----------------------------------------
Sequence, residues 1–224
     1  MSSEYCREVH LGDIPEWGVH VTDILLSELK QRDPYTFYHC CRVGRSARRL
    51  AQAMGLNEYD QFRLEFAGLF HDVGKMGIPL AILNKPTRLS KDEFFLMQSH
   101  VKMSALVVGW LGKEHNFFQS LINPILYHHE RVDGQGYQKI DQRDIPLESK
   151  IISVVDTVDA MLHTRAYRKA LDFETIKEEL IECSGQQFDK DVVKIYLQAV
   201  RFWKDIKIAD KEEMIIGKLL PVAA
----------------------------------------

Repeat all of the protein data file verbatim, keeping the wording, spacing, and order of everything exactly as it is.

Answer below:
Sequence, residues 1–224
     1  MSSEYCREVH LGDIPEWGVH VTDILLSELK QRDPYTFYHC CRVGRSARRL
    51  AQAMGLNEYD QFRLEFAGLF HDVGKMGIPL AILNKPTRLS KDEFFLMQSH
   101  VKMSALVVGW LGKEHNFFQS LINPILYHHE RVDGQGYQKI DQRDIPLESK
   151  IISVVDTVDA MLHTRAYRKA LDFETIKEEL IECSGQQFDK DVVKIYLQAV
   201  RFWKDIKIAD KEEMIIGKLL PVAA